Tips for Managing Heart Problems

Tuesday 15 December 2020
Cardiovascular Disorders

Table of Contents


I. The Importance of Heart Health

II. Start Young

III. Watch Your Sodium

IV. Pay Attention at the Dinner Table

V. Cut out Cigarettes

VI. Avoid Binge-Drinking 


The Importance of Heart Health 

Heart disease is the leading cause of death in the United States. Over 610,000 people die every year from this condition, so maintaining your heart health is essential. Those who suffer from blood pressure and high cholesterol levels are at a greater risk of developing dangerous heart problems. These risk factors are often preventable if you exercise regularly and maintain a heart-healthy diet. [1]

Looking after your heart as you age can reduce the risk of developing heart disease or heart failure. Heart attack and stroke may also occur when the heart’s blood vessels narrow or become blocked by cholesterol plaques. Keeping your blood pressure down allows your blood vessels to carry blood to other parts of the body properly. If your heart is not pumping sufficiently, you may require medications like  Lasix (furosemide), Diovan (valsartan), triamterene/HCTZ, Aldactone (spironolactone), or Inderal (propranolol hydrochloride).

You should focus on your heart health long before you experience high blood pressure or high cholesterol. If you do end up needing medications, there are several things you can do to keep further cardiac complications at bay. Read on to learn about tips in managing your heart health. [1]

two children baking in a kitchen

Start Young

When people are young and healthy, it is easy to take their heart health for granted. It is essential to participate in healthy activities in your 20s and 30s before any problems occur in older adulthood. To get on top of your health, you can:

Find a doctor: Many people neglect their health when they are young. This is often due to financial factors and the inability to get healthcare. If you can get a general physician in your 20s, you can begin to monitor your heart. Just because someone is young doesn’t mean that they are healthy, so it is important to discuss your diet, lifestyle, cholesterol, and blood pressure with your doctor. The unhealthy lifestyle choices you make in your youth may catch up to you in the future and lead to conditions like diabetes or heart disease.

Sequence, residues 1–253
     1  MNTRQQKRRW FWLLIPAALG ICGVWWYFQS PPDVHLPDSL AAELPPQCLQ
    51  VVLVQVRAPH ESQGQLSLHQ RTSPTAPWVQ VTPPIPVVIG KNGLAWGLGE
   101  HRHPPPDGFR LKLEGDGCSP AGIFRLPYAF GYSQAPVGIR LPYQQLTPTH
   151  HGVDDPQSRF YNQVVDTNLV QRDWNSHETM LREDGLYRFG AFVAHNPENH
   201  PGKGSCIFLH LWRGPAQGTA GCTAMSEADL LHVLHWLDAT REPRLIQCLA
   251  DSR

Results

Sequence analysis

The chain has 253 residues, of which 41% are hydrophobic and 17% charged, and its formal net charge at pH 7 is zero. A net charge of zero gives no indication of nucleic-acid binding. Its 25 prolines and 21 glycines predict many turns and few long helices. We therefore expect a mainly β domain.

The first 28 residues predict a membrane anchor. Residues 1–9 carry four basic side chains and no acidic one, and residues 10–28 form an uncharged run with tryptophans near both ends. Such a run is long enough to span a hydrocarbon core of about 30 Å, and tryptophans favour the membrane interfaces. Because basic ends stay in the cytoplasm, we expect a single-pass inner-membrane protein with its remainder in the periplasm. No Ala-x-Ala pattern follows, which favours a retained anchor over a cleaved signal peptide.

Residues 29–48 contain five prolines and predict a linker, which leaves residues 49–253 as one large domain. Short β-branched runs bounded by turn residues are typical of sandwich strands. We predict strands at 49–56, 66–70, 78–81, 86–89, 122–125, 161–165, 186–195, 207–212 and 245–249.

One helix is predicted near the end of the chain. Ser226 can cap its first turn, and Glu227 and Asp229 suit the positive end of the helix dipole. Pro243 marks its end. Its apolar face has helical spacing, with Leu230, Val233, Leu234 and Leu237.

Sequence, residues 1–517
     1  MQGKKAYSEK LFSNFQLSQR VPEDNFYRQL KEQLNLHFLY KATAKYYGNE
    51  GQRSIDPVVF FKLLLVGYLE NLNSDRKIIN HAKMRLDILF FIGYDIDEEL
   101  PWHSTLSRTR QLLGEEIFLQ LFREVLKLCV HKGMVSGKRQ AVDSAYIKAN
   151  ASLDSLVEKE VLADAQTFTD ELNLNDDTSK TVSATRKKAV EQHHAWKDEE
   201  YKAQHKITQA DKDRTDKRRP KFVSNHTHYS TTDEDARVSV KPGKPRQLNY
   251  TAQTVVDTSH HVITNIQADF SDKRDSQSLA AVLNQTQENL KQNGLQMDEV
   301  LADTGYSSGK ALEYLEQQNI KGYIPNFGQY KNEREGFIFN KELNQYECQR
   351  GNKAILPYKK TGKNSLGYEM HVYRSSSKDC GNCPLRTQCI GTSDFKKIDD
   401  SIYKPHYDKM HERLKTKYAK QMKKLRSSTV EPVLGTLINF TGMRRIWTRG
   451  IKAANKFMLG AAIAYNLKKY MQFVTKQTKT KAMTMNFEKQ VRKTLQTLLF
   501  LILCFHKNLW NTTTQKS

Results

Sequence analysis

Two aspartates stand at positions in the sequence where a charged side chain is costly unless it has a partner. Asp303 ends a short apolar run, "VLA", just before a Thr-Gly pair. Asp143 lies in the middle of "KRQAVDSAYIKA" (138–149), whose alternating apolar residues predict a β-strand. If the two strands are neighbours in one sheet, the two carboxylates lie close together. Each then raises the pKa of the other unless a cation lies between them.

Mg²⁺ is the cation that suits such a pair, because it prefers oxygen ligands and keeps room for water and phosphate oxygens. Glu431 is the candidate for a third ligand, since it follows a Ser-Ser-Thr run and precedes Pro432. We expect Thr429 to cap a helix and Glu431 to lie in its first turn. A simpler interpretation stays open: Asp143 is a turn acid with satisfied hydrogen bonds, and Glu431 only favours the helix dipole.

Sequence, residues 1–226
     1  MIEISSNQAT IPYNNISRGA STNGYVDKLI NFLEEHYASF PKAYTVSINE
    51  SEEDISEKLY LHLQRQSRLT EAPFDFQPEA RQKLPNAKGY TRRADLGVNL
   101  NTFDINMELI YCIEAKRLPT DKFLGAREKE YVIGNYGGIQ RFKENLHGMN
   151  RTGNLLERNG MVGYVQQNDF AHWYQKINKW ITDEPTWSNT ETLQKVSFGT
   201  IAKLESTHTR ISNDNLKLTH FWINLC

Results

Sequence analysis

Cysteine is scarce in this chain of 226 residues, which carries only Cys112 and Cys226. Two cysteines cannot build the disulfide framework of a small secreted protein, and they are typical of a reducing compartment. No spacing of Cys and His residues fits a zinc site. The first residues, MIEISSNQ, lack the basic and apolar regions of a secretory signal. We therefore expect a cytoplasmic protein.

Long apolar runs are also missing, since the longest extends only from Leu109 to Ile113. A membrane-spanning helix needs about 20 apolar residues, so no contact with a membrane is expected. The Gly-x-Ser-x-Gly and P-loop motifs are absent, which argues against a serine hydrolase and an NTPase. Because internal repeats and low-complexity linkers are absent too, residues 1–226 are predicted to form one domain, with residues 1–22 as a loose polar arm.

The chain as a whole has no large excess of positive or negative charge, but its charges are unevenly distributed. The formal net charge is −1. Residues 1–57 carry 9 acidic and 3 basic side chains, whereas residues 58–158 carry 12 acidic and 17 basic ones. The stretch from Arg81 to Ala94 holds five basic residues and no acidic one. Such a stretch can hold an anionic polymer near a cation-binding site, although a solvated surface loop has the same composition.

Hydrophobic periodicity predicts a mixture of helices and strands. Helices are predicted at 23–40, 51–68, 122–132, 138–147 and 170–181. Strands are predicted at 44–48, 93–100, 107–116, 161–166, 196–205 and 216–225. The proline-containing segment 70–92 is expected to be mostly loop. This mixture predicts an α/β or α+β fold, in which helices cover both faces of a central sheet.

Make it a family affair: If you are a parent in your 30s or 40s, you can pass along heart-healthy habits to your children. For example, parents can plant a vegetable and fruit garden with their children and encourage them to cook with fresh produce. If children learn these habits early, they will be more likely to keep these habits into adulthood. [1]

Watch Your Sodium

Excessive sodium can increase your risk of heart problems. High sodium can raise blood pressure and lead to the development of heart disease and stroke. If you have cardiac problems, your doctor will encourage you to track your salt intake. Around 70 percent of the sodium people consume comes from packaged or prepared food. Even if you are not using the salt shaker, you likely consume more sodium than you realize. High-sodium foods include:

  • Frozen breaded meats and dinners
  • Salted nuts
  • Canned beans
  • Canned entrees (ravioli, spam, and chili)
  • Smoked or cured meat
  • Bacon, ham, hot dogs, and sausage

Most doctors recommend less than 2,000 milligrams of sodium a day. [2] Those suffering from high blood pressure or heart failure may suffer from edema, which is a swelling of the body's tissues. When there is too much sodium in the body, it pulls water into your blood vessels, increasing edema's severity. This buildup of extra fluid can damage the blood vessels and lead to bloating or weight gain. [3]